Michael Portillo, the British journalist, who has covered railways across the world in his television shows once remarked — “British-built railways in India helped the British to make money and maintain order and, as a by-product, served to unite the country, ripe for independence.”
Successive Indian governments could only find incremental meaning in Indian Railways after the British left. What now is the fourth largest railways network in the world was largely used for narrow and short-term political gains by most railways ministers.
One hundred and sixty years after the Indian Railways first ran a passenger train between Mumbai and Thane, the Narendra Modi government inherited a great legacy but also a litany of stubborn problems, which only grew in complexity with every passing year.
From bureaucracy to lack of investments, from burgeoning costs to poor passenger facilities, and from stagnating technology to accidents and safety concerns, Indian Railways kept flying into perfect storms every year.
Former Railways Minister Suresh Prabhu set the first foundations of changes in the Railways. His immediate focus was on customer experience.
Prabhu initiated leveraging the power of social media to solve problems of commuters. He also set in motion the plan for raising monetary resources through initiatives like station redevelopment.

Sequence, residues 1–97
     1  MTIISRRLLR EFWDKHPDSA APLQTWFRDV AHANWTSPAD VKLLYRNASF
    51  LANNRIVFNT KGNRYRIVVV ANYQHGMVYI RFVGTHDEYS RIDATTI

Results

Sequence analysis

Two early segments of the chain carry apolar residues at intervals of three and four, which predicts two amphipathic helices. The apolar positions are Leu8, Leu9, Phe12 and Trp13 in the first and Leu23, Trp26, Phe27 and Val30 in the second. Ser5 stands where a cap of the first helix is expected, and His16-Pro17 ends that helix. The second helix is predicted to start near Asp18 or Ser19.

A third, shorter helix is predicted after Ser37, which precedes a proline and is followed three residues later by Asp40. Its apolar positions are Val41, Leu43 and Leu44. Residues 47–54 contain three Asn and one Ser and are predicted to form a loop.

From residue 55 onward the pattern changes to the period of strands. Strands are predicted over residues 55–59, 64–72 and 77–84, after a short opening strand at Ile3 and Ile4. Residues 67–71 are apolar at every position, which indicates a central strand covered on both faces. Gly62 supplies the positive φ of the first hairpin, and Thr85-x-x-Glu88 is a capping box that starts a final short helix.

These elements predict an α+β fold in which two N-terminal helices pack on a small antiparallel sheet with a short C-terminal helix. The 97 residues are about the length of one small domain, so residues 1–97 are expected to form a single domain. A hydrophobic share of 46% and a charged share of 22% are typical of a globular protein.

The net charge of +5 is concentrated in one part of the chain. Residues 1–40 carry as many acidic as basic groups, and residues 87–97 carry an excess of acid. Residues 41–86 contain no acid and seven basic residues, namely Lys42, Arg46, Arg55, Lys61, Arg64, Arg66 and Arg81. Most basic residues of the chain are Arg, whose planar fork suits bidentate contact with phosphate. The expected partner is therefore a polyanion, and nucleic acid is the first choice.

This momentum has not just been carried forward by Piyush Goyal, the current Railways Minister, but also accelerated rapidly, since he took up the role in September 2017.
Improved Safety Record Of Indian Railways
The year 2019 was the safest year in the history of the transporter, with no passenger deaths recorded on account of accidents involving the Railways itself.
The financial year 2018-19 had seen 29 deaths, which was a 81 per cent drop from the fatalities witnessed in 2013-14 after which Narendra Modi government took over.
The Rashtriya Rail Sanrakshna Kosh (RRSK), a Rs 1 lakh crore fund dedicated to the safety of Railways, has been bearing dividends. The Railways has methodically chipped at the root cause of accidents in the last few years.
There has been a big push to construct foot overbridges and high platforms. There was similar focus on construction of rail overbridges, underpasses and subways to separate foot and road traffic from the rail lines.
The Railways also renewed rails at faster speed than ever last year with more than 5,000 kilometres of old rail replaced. The production of the old Integral Coach Factory (ICF) coaches was stopped completely — the design of these coaches led to higher fatalities in accidents compared to the design used in more modern coaches.
Another remarkable safety achievement for the Railways was the complete elimination of all unmanned level crossings on the broad-gauge network.